3 Mins Read
FoodChain ID, one of the world’s leading food safety standard organisations providing accredited third-party certifications, has created a new program dedicated to Vegetarian, Plant-based, and Vegan (VEG) products. The organisation says the new certification was launched in response to the growing consumer demand for plant-based and meatless food products and the need for greater transparency and trust to help consumers navigate the market.
The new VEG program launched by FoodChain ID will enable food manufacturers to add value to their brands, increase transparency with consumers and meet the demand from both shoppers and retailers for more plant-based products. In order to be certified under the new program, brands must demonstrate that all its ingredients are non-GMO, that all ingredients should be segregated and traceable back to its source.
While vegetarian goods may contain milk, eggs and honey, these ingredients are not permitted for any products to be certified as plant-based or vegan, including all substances in the entire manufacturing process, such as processing aids and additives.
For both the plant-based and vegan certification, FoodChain ID specifies that “the use throughout the production process of any ingredient/adjuvant/processing aid of animal origin is not permitted. Nor can any animal substance be used indirectly in the production process, as an additive or processing aid.”
But what’s the difference between plant-based and vegan, exactly? According to the organisation, in addition to meeting the same requirements that plant-based products require, vegan products will need to comply with additional requirements such as ethical standards of no animal testing, and animal-free packaging, including materials such as glue.
This newly established certification is in response to customer demand for a labelling solution that provides greater product transparency.Mark Dabroski, Senior Vice President of Commercial Services, FoodChain ID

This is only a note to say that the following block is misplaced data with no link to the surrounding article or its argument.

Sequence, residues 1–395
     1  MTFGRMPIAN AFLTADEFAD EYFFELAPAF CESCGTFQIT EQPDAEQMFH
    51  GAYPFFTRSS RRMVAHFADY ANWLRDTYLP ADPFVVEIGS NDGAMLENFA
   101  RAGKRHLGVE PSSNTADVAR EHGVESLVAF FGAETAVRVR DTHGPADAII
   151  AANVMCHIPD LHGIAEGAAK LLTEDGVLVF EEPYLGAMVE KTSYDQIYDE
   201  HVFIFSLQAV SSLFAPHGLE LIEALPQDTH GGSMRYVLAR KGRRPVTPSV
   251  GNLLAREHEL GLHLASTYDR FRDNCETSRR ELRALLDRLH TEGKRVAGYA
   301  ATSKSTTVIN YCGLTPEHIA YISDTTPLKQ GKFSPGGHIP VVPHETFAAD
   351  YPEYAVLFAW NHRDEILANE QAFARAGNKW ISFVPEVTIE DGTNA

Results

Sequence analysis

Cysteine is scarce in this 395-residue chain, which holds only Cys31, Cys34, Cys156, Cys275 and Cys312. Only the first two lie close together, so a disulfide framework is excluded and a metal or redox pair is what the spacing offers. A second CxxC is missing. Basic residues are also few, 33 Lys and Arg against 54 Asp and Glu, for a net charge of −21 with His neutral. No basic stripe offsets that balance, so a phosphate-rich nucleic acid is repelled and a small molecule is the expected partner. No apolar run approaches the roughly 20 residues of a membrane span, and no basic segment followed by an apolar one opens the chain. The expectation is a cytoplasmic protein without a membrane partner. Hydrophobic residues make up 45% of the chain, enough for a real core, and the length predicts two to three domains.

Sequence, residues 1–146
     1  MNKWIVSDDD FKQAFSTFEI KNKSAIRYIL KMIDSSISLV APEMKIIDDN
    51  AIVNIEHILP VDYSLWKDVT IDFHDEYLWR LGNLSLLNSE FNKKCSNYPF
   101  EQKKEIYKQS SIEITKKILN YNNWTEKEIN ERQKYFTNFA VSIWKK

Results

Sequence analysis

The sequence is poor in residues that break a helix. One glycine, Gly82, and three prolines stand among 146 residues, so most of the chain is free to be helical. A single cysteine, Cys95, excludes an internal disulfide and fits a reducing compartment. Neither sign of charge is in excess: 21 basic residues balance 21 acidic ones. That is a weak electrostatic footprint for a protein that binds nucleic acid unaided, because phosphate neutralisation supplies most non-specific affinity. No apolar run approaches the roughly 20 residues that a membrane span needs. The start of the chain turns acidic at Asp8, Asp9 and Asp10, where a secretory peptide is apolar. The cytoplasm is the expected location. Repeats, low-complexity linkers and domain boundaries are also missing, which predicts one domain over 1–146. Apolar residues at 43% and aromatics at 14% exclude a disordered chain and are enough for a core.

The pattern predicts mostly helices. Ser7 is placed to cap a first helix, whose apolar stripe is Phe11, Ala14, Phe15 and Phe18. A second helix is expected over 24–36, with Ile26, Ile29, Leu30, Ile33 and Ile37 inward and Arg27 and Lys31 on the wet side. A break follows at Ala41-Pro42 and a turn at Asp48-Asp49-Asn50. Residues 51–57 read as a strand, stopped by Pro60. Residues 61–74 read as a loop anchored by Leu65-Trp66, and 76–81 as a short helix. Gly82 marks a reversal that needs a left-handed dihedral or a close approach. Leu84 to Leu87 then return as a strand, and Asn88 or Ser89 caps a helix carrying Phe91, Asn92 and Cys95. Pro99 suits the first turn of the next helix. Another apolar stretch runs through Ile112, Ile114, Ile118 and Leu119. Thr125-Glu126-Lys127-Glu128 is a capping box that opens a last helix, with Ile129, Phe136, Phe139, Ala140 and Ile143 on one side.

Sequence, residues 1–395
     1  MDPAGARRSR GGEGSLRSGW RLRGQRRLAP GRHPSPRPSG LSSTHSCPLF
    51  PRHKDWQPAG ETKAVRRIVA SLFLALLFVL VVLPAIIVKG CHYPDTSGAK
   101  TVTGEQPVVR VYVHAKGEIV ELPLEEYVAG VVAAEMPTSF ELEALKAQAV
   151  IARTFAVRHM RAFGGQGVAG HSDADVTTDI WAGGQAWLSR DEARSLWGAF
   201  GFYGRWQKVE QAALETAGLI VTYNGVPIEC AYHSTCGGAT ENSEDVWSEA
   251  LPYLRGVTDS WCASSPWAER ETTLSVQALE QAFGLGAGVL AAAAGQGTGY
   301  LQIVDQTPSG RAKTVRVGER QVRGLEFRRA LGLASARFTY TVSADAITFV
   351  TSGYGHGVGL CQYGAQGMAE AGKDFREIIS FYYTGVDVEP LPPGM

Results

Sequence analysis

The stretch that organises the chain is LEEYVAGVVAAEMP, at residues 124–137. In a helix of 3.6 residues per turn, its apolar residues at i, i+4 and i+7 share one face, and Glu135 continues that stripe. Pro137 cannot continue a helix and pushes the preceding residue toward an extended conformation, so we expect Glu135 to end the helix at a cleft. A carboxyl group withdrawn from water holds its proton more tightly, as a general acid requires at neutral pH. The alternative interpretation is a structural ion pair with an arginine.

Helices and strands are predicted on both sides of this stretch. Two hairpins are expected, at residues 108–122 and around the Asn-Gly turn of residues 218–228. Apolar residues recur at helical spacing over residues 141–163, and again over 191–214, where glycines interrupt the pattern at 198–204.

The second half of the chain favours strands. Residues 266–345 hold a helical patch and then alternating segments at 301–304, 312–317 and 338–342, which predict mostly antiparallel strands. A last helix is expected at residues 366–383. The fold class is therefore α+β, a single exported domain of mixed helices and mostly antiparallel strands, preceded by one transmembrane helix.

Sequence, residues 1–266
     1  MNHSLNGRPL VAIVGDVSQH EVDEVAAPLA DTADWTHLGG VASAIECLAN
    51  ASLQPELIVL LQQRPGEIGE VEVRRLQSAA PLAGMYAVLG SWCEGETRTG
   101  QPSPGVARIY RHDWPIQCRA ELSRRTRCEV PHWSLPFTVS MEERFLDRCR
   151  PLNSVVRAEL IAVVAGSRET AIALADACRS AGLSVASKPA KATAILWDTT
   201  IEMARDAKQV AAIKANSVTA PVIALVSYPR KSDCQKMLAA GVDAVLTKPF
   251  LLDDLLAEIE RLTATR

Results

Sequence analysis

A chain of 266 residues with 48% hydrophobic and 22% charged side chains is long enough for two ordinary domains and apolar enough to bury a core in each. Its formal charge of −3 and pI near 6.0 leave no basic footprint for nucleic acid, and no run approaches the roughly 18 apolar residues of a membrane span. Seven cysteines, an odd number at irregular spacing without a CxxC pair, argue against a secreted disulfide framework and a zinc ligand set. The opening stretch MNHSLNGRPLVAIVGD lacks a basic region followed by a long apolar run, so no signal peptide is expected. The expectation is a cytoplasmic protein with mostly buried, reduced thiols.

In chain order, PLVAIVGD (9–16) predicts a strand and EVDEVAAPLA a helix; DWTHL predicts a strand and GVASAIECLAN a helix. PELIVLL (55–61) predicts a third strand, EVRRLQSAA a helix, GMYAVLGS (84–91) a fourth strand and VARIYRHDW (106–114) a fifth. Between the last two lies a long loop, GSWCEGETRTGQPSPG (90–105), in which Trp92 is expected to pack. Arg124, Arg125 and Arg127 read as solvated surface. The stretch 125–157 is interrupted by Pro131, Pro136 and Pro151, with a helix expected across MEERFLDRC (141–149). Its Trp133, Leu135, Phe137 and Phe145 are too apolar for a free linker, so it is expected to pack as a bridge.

For all three categories, there must be no meat, poultry, fish, seafood, ingredients derived from meat or bones, animal fats, animal-derived gelling agents, cheese produced from animal rennet or any filtration aids that contain gelatin, egg whites, fish glue, or crustacean-based exoskeletons.
“Consumers are increasingly turning to a full range of plant-based and meatless products, especially as alternative protein sources,” said Mark Dabroski, senior vice president of commercial services at FoodChain ID, in the announcement. “This newly established certification is in response to customer demand for a labeling solution that provides greater product transparency.”
While interest in plant-based foods has been steadily rising over the past few years, the industry has received a major boost in the wake of the coronavirus pandemic and the disruption that slaughterhouse and packaging plant outbreaks have had on the global meat industry.
Consumers worldwide have responded by doubling down on plant-based meat purchases, including many first-time buyers – the majority of whom say they will continue to choose alternative meats in the future. Overall, the United Nations FAO estimates that this global pattern, notably driven by millennials and Gen Zs as reported in new data, will trigger the biggest drop in meat intake seen in decades.
With this trend away from animal-based foods set to continue, market research indicates that the plant-based meat alternatives and wider animal-free foods market is poised for major growth in the coming years. New York-based Polaris Market Research predicts that the vegan meat market will reach US$35.8 billion by 2027, while Pune-based Meticulous Research estimates that the total plant-based food market, which includes meat and dairy alternatives, plant-based ingredients and distribution channels, will reach US$74.2 billion by 2027.
Lead image designed by Green Queen Media.